Thursday, 4 May 2017

Microsoft takes aim at Chrome OS with a new, and very necessary, education push

The New York City event of Microsoft to launch Windows 10 S and Surface Laptop seems to have confused many people. The broader theme of the event was "education", but it is a broad subject. To judge by many reactions, Microsoft has not done a good job to distinguish the Surface laptop from its offers and ambitions for K-12 education. When it was introduced, the laptop still received a spin of education, but in a very different context: students, rather than high school students.

Both are important, but they are important in different ways, and the challenges Microsoft faces are very different. While Surface Laptop is the most eye-catching company announcement, it is, like other surface material, designed as a high-end halo product rather than a mass market device. Surface Laptop was probably the least important part of what Microsoft had presented. Windows 10 S, and the range of education-based systems starting at $ 189, are much larger.

Secondary and secondary education has patterns of use that are not common in most other areas. For example, while Windows has long supported individual user accounts, the use of highly shared systems - in which each student takes a laptop from a basket at the beginning of a lesson (or sits on A lab PC) and connects, having never used this particular machine before - is much less common in home or business scenarios. Enterprise deployments of hundreds of computers would almost always have some kind of on-site administrative staff and centralized management using Active Directory and group policies. School environments are often much more ad hoc, without this same central management and greater use of practical maintenance.

This means that school environments are often relatively under-served by traditional IT-based management tools, diluting the strengths that Windows might otherwise have.

The school market is not the same as the one found in the same way as the company office. Apple has, for many years, a strong presence in American education, but this success has not been felt in the rest of the world. The most recent threat in the educational landscape, however, is to see the global reach: Chrome OS.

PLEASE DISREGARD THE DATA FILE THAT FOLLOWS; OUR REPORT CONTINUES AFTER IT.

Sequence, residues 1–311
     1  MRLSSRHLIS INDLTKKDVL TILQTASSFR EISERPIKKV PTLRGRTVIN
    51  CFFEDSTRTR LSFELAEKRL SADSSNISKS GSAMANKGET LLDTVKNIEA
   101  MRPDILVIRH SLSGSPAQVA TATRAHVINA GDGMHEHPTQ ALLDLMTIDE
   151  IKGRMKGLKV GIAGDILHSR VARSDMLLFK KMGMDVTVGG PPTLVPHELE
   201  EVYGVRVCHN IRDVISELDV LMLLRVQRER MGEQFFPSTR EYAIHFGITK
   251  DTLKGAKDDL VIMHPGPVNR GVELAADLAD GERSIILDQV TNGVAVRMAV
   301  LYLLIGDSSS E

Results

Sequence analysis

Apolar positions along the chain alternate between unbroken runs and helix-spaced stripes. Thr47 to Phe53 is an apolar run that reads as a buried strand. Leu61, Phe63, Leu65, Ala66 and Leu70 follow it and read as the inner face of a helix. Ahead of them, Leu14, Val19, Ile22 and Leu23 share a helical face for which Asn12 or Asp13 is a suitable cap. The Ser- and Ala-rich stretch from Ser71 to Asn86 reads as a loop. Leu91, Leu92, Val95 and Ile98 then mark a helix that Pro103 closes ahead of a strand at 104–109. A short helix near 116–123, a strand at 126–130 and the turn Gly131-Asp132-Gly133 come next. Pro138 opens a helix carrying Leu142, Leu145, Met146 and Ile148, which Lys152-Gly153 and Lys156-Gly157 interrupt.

Find your niche

Google's locked operating system was not specifically designed for education. It was built as a browser-based operating system to use Google's ecosystem of cloud services. But Google properties have given Chrome OS a good fit for education. The operating system uses the Linux kernel and provides an essentially built-in desktop environment around the Chrome browser. Google constructed it deliberately restrictively and securely; For example, Chrome OS was automatically upgraded, it did not allow applications installed locally, and it used digital signatures to ensure that the operating system was not tampered with. Although some of these restrictions have been raised somewhat, the operating system now has full support for running Android applications locally installed, although they remain marketed and restricted. This remains a highly constrained environment.

With cloud-based applications and a locked operating system, there's just not much that people can do to break the Chrome operating system. This makes the OS largely immune to both pirated students and hackers.

The machines that run Chrome OS are also very inexpensive. While Google used high-end, highly engineered and expensive machines, Chromebooks - with x86 and ARM processors - were available for only a few hundred dollars. Chromebooks have largely resisted the Netbook concept and its price.

 Add to this G Suite (formerly Google Apps) for education: Google offers a suite of free cloud services for schools and cloud-based administrative tools, and Chrome OS is an attractive option for schools that are at risk Personal . In addition, Chrome OS has some international reach, not only in the US classrooms, but also in Sweden and beyond.

This wider adoption makes the OS Chrome OS threatening Microsoft so that Macs in education were not. The prospect that Microsoft faces is that a generation of school children will go through their education without using both Windows and Office drivers. The problem for Microsoft will not be that these children are hostile to the company's software; Rather, they will ignore it, having never had this exhibition. When these children enter the workforce, they will know the applications of Google and Chrome. They simply do not have any particular interest in Windows or Office, and they are much less likely to expect them to use or otherwise want to use them.